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Trucking Companies Already Shifting Efforts Toward Storm Relief


Virginia Hurricane Tide Sandy 2012
Tides are swelling from the effects of Hurricane Sandy in Virginia. Click on the image to view full size. – – Photo courtesy of Matt Thompson

It’s being called one of the most unprecedented weather events in the history of the country, rivaling hazards like Hurricane Katrina, Hurricane Andrew, and even the Knickerbocker Storm of 1922 for problems with logistics, safety and supply. Dispatchers are already stranding truck drivers who had expected return loads from the eastern seaboard late this weekend, and it doesn’t look like it will be ending anytime soon.

Trucking companies are already beginning to move relief supplies toward the region threatened by Hurricane Sandy as the massive storm approaches the East Coast.

“I estimate we have at least 200-plus loads moving currently with water, generators and other relief merchandise,” said John White, president of U.S. Xpress.

The Chattanooga, Tenn.-based truckload carrier began moving tractor-trailers out of the Northeast and Mid-Atlantic a few days ago, White said in a statement.

“This mainly entails getting our trailing equipment that could be in flood prone areas to higher ground,” White said Monday. “Freight flows continue to move.”

Jarvis Restoration Hauling of Detroit have trucks that are being packed with drying equipment and even bottled water for those impacted by the storm. Their large flatbed haulers are even moving 60 large electrical generators to help ease the expected power outages. Just one of these large generators can power big box retail space, churches, storm shelters, and even a logistics hub.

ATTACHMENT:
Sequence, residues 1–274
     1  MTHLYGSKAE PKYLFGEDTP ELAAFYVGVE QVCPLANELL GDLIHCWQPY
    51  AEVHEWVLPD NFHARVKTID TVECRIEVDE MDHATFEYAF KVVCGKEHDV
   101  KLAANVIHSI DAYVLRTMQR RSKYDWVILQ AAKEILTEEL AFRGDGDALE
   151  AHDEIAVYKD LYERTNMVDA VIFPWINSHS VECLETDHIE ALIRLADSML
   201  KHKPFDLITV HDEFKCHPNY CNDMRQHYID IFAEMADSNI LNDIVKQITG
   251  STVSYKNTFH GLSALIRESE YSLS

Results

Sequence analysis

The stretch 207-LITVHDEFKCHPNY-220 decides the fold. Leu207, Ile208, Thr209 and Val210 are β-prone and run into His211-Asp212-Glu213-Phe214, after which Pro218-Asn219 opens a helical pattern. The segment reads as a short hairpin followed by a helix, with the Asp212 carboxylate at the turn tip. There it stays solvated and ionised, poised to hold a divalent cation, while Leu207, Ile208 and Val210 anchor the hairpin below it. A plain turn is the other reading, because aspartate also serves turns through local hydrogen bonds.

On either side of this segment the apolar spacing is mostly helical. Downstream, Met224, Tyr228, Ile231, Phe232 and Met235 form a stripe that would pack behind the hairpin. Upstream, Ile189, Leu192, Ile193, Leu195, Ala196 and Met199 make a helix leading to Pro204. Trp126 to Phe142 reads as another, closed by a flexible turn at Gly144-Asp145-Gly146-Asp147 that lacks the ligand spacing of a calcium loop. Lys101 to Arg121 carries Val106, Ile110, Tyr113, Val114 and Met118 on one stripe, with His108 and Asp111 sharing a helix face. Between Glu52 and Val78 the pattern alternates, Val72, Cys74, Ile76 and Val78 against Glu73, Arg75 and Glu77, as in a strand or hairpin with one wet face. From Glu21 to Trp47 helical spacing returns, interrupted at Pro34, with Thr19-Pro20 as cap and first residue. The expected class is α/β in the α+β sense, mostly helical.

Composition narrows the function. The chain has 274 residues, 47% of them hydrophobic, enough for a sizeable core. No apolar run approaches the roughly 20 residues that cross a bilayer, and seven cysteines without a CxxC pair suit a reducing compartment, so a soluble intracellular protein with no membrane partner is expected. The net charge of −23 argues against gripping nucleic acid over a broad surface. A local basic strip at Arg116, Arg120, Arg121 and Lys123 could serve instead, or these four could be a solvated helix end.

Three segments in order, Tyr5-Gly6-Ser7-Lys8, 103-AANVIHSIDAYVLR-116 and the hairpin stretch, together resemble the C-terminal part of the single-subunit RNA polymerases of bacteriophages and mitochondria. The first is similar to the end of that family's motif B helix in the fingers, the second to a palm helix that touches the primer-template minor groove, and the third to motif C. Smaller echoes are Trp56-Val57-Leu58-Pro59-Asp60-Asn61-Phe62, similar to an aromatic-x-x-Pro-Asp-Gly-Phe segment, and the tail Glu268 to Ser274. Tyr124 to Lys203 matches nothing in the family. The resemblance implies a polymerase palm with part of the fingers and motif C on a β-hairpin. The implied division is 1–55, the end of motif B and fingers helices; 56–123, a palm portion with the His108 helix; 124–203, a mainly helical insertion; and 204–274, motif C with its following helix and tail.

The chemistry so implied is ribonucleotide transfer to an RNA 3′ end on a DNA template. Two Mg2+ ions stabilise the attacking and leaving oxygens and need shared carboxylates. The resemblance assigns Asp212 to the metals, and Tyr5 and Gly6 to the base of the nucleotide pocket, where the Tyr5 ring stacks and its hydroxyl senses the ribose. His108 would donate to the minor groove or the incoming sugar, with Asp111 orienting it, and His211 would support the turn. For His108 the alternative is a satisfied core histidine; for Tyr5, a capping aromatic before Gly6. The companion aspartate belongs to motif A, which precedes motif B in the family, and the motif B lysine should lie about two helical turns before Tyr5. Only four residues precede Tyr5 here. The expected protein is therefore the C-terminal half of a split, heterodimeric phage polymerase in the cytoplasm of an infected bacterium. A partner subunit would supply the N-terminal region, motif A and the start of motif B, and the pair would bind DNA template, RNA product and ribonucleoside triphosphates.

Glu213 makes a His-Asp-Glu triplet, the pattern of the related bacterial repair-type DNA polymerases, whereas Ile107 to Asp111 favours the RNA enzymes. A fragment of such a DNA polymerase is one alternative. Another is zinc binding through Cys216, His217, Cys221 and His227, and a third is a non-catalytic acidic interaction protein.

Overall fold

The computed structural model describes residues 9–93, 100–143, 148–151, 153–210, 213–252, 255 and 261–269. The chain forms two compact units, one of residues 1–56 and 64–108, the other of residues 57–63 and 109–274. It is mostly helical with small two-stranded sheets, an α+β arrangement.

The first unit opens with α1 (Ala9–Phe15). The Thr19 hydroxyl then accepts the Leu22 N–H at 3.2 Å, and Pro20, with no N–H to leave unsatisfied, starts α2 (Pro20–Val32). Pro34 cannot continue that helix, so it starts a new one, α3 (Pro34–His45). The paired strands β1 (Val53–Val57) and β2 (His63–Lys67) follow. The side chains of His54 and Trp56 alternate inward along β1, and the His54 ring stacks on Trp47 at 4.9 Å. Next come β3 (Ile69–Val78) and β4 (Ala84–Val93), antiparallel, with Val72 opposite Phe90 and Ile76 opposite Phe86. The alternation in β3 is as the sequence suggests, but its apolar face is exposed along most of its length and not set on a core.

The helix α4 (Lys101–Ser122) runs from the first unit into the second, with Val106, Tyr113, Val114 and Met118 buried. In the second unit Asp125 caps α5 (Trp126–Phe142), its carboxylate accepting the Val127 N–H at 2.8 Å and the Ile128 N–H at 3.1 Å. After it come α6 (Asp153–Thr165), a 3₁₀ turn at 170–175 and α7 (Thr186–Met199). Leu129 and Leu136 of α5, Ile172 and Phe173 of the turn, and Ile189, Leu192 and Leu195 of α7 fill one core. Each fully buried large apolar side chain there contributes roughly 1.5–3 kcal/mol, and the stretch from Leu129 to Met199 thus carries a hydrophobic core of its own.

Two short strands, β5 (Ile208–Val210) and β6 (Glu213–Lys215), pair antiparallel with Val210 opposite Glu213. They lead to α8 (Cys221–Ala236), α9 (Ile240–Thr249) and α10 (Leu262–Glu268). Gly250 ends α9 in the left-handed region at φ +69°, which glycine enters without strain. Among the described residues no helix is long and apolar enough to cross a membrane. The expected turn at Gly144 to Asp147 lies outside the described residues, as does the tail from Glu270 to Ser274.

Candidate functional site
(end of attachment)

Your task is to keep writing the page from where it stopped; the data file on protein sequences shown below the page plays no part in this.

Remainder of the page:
Owner Matt Jarvis says his team will position themselves about two hours away from impacted areas in New Jersey. They will be monitoring communications from the New Jersey Highway Department to determine their time to move, or retreat, or if they actually will need to abandon their loads and move quickly to a state storm shelter.

The National Hurricane Center’s Friday morning projection put Sandy on a track to make landfall anywhere from Virginia to New England late Monday, with a wide “cone” of possibilities from the Delaware-Maryland-Virginia beaches up to the New Jersey shore.

The slow-moving storm is then projected to move inland into Pennsylvania, with potential flooding and power outages reaching as far as West Virginia and Ohio, news and weather reports said.

States are already preparing for Sandy’s impact, news services reported.

Virginia Gov. Bob McDonnell declared a state of emergency Friday in advance of the storm, while New York Gov. Andrew Cuomo directed agencies to monitor the storm and Massachusetts’ Emergency Management Agency warned residents to expect the worst.

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